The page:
Nerja – The Perfect Destination For Your (Family) Holiday

Nerja is special. Just magic. You hear about Nerja – you visit – and then you want to keep it all to yourself. Nerja is one of those rare places that has something for all ages. The variety of people that come to this little oasis says it all. The town can capture the heart of people young and old. You might have heard of Nerja but don’t know much about it. So here is a little bit of information with a sprinkle of insider knowledge. But shhhhh! Don’t tell everyone.

So where is Nerja Spain?


Good question. Have a look at a map of Spain.  Head down to the south coast – find Malaga – go East and you will find Nerja – the jewel of the Costa del Sol.

Literally translated as the ‘coast of sun’, and boy does it live up to it’s name.  Year round sunshine with average temperatures of around 20°C. The weather is just bliss. But here’s another little secret about Nerja. It has it’s own microclimate. It is surrounded by the Sierra de Almijara mountains. These beautiful mountains cocoon the little town like a huge bear hug – providing jaw dropping scenery – but protecting it from the worst of the weather. Not only does Nerja have around 320 days of subtropical sunshine each year, but you can also ski in the morning and sunbathe in the afternoon. How cool is that?

Is Nerja worth visiting?

Absolutely! Nerja has something for (almost) everyone. This once sleepy fishing village has blossomed into a cosmopolitan holiday destination. It has defiantly and fiercely resisted the mass development of high rise buildings and retains a strong and vibrant local spirit. You can tell you are in Spain. And that makes this town authentic.

Nerja
Image by Manolo Franco from Pixabay

Its old town greets you with white washed houses, narrow cobbled streets, an abundance of flowers and spectacular views over the sparkling Mediterranean sea. It is perched on the edge of a cliff – the spectacular Balcon de Europe. Once the location of a moorish castle, this promenade now acts as the focal point to the town. Visitors to Nerja and locals spend hours strolling round the area, soaking up the coastline views, admiring the 17th century Church of El Salvador and sipping drinks in the local bars. The 10 or more beaches in Nerja range from small coves accessible by steps down from the cliff, to expansive sandy beaches such as Burriana.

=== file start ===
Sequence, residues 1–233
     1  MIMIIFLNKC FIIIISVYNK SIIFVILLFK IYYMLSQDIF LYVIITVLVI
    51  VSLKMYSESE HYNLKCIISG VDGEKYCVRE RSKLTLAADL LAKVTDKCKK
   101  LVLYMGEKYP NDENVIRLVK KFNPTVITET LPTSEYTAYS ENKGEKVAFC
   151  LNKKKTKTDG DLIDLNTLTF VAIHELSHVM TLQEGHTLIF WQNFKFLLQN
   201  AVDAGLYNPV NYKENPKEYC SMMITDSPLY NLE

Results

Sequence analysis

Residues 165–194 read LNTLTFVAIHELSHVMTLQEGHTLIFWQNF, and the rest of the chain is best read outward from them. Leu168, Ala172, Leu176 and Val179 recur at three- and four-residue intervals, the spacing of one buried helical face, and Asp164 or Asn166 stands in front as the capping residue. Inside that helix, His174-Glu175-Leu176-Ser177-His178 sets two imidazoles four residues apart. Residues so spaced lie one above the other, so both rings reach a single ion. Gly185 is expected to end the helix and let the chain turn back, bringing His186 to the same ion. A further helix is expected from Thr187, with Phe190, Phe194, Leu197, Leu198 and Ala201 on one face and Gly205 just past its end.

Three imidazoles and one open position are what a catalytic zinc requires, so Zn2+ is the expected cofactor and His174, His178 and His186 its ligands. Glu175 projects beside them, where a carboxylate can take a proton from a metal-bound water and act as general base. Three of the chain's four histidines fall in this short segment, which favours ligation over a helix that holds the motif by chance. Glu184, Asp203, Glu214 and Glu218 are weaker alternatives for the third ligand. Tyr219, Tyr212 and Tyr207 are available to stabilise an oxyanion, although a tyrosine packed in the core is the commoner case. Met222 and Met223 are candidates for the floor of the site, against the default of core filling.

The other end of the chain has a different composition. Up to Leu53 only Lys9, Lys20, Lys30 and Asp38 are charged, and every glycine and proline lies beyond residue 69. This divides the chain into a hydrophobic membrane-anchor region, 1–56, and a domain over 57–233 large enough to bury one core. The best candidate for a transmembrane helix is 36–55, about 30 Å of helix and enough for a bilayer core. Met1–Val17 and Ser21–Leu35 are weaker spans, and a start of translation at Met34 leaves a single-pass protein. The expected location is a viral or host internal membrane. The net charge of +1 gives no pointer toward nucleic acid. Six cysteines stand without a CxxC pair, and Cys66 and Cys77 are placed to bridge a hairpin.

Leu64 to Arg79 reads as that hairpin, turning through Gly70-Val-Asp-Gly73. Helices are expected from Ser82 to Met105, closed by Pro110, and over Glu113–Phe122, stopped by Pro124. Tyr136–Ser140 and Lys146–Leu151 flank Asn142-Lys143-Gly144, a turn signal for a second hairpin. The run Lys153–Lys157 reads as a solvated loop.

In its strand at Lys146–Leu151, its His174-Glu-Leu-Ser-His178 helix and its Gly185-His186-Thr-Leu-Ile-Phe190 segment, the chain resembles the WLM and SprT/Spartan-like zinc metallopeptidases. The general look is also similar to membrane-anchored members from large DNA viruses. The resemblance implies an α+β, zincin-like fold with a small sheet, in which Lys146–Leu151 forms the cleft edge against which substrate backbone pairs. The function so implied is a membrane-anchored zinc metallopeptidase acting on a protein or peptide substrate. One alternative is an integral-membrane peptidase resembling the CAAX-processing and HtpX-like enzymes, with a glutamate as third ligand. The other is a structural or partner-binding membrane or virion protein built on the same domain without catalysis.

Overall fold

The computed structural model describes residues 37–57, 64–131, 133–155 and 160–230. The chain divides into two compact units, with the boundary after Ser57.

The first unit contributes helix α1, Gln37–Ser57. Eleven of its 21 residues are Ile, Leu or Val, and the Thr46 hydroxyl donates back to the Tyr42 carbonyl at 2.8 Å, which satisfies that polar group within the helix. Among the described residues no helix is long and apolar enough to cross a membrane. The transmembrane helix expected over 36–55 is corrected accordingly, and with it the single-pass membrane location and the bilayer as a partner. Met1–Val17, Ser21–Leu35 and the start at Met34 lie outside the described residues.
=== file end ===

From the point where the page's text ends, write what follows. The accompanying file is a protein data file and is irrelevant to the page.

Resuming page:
No trip to Nerja would be complete without a visit to the caves. Las Cuevas de Nerja were only discovered in 1959, and are home to the world’s largest stalactite column. Prepare to be seriously impressed. For something a little different, come to the Nerja Caves festival throughout summer. The natural auditorium in the caves with an incredible acoustic, plays host to a variety of concerts and the experience is something that you will never forget.

Nerja How to get there?

Hopefully you are now suitably curious enough to consider Nerja for your next holiday. But we all know how much of a drag travelling can be. Well thankfully it isn’t too bad. A 3 hour flight to Malaga, sometimes a bit quicker with a tail wind, and you reach the nearest airport. You can fly to Almeria or Granada too, but Malaga is the handiest to get to Nerja.

Does it make sense to hire a car?

Car hire in Spain can be pretty stressful. And who needs stress on their holidays. But can you enjoy Nerja without a car? Thankfully yes. The journey from the airport to Nerja is around 45 miles / 65 km and takes 50 minutes by taxi (€60). The bus takes a little longer via Malaga (90 minutes), but it is cheaper (€6).  Just pick the right journey for your budget.